61a0cb1c 78Since Perl v5.10.0 includes the version.pm comparison logic anyways,
692a467c 79you don't need to do anything at all.
cb5772bb 80
692a467c 81=head2 How to convert a module from decimal to dotted-decimal
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83If you have used a decimal $VERSION in the past and wish to switch to a
84dotted-decimal $VERSION, then you need to make a one-time conversion to
61a0cb1c 85the new format.
cb5772bb 86
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87B<Important Note>: you must ensure that your new $VERSION is numerically
88greater than your current decimal $VERSION; this is not always obvious. First,
89convert your old decimal version (e.g. 1.02) to a normalized dotted-decimal
90form:
cb5772bb 91
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92 $ perl -Mversion -e 'print version->parse("1.02")->normal'
93 v1.20.0
cb5772bb 94
692a467c 95Then increment any of the dotted-decimal components (v1.20.1 or v1.21.0).
cb5772bb 96
692a467c 97=head2 How to C<declare()> a dotted-decimal version
cb5772bb 98
8c72d156 99 use version; our $VERSION = version->declare("v1.2.3");
cb5772bb 100
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101The C<declare()> method always creates dotted-decimal version objects. When
102used in a module, you B<must> put it on the same line as "use version" to
103ensure that $VERSION is read correctly by PAUSE and installer tools. You
104should also add 'version' to the 'configure_requires' section of your
105module metadata file. See instructions in L<ExtUtils::MakeMaker> or
106L<Module::Build> for details.
cb5772bb 107
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108B<Important Note>: Even if you pass in what looks like a decimal number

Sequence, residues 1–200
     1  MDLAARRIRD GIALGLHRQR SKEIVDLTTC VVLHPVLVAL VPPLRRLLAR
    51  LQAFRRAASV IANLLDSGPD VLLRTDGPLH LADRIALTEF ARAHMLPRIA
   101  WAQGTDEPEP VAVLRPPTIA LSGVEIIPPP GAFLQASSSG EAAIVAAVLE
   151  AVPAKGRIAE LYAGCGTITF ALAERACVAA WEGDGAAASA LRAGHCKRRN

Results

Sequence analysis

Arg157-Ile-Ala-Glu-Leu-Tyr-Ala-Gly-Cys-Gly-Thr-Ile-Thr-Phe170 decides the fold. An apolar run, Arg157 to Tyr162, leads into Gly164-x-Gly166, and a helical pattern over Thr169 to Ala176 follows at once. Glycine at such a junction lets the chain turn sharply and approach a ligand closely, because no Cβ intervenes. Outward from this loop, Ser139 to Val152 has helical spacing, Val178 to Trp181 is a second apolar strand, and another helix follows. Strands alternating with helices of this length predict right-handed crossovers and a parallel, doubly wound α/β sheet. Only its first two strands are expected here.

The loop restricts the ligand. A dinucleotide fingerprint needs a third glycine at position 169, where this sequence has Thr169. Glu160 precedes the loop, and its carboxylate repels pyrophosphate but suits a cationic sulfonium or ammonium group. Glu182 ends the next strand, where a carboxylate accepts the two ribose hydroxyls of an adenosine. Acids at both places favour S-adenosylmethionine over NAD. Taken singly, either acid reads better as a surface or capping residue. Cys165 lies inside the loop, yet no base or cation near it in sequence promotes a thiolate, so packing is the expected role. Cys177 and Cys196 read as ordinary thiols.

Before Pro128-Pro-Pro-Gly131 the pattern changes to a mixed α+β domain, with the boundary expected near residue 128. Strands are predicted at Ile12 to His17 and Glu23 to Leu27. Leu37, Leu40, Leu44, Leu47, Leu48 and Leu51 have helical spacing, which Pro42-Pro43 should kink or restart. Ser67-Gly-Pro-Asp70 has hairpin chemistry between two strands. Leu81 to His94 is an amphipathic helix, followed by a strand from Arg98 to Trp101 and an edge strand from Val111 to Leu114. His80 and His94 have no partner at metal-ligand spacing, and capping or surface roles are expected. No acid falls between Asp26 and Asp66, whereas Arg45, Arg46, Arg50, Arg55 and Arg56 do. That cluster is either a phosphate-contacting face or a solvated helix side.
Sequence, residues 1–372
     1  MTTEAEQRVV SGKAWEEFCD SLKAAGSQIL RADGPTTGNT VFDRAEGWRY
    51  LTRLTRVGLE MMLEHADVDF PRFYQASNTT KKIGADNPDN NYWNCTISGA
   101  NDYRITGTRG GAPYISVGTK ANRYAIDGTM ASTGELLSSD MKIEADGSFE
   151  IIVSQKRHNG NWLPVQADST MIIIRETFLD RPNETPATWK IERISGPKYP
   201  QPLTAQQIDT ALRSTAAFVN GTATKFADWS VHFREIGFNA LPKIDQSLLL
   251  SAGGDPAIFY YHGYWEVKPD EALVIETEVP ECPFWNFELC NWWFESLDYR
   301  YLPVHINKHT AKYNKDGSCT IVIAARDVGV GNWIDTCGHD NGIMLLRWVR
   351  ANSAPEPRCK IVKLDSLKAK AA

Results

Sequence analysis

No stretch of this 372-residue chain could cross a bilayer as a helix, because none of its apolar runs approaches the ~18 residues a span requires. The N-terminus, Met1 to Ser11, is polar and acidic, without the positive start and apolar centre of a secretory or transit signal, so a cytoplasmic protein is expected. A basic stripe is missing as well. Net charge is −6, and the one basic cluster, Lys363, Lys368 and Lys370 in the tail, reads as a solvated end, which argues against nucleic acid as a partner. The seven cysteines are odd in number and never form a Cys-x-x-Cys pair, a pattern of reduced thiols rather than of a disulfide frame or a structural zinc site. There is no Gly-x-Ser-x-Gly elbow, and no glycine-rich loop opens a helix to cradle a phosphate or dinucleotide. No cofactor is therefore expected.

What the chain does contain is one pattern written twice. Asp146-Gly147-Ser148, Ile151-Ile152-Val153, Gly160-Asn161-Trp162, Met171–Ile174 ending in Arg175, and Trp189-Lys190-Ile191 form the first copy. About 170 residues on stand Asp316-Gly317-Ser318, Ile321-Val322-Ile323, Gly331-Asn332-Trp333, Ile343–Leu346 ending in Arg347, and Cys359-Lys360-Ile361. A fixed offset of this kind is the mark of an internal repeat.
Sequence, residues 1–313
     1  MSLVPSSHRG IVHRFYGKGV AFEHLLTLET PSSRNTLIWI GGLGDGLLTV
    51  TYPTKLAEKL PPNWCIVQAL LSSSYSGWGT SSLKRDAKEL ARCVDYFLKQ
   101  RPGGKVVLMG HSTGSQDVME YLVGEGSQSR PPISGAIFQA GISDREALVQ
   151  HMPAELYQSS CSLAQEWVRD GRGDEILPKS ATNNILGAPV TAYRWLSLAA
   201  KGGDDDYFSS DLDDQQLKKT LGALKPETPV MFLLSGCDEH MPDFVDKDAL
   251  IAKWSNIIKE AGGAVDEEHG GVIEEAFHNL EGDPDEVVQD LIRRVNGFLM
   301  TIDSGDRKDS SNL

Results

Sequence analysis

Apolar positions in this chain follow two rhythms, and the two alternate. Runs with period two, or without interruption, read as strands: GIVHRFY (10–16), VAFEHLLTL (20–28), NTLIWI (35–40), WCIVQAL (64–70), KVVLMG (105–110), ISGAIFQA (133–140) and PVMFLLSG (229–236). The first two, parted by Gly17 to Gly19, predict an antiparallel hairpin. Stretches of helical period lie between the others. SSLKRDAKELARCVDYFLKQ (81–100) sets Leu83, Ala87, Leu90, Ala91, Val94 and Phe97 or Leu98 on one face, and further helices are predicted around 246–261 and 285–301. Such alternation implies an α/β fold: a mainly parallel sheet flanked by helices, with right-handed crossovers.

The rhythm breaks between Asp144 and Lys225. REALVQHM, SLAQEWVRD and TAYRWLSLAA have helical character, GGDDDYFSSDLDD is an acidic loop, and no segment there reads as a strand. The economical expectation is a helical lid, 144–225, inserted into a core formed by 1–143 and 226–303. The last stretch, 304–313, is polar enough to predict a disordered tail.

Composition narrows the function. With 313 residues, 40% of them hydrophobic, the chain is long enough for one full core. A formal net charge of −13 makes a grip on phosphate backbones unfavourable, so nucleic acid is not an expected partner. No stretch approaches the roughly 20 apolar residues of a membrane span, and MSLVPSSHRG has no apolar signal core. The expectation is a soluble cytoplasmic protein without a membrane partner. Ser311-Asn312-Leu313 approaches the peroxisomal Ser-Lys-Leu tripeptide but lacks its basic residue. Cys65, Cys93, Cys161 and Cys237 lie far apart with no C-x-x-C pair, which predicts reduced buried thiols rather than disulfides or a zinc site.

109("1.2"), a dotted-decimal will be created ("v1.200.0"). To avoid confusion
110or unintentional errors on older Perls, follow these guidelines:
cb5772bb 111
692a467c 112=over 2
cb5772bb 113
692a467c 114=item *
cb5772bb 115
692a467c 116Always use a dotted-decimal with (at least) three components
92dcf8ce 117
692a467c 118=item *
92dcf8ce 119
692a467c 120Always use a leading-v
92dcf8ce 121
692a467c 122=item *
92dcf8ce 123
692a467c 124Always quote the version
92dcf8ce 125
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126=back
127
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128If you really insist on using version.pm with an ordinary decimal version,
129use C<parse()> instead of declare. See the L<PARSING AND COMPARING VERSIONS>
130for details.
cb5772bb 131
6369c739 132See also L<version::Internals> for more on version number conversion,
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133quoting, calculated version numbers and declaring developer or "alpha" version
134numbers.
cb5772bb 135
692a467c 136=head1 PARSING AND COMPARING VERSIONS
cb5772bb 137
692a467c 138If you need to compare version numbers, but can't be sure whether they are
6369c739 139expressed as numbers, strings, v-strings or version objects, then you should
692a467c 140use version.pm to parse them all into objects for comparison.
cb5772bb 141
692a467c 142=head2 How to C<parse()> a version
cb5772bb 143
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144The C<parse()> method takes in anything that might be a version and returns
145a corresponding version object, doing any necessary conversion along the way.
cb5772bb 146
692a467c 147=over 2
cb5772bb 148
692a467c 149=item *
cb5772bb 150
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151Dotted-decimal: bare v-strings (v1.2.3) and strings with more than one
152decimal point and a leading 'v' ("v1.2.3"); NOTE you can technically use a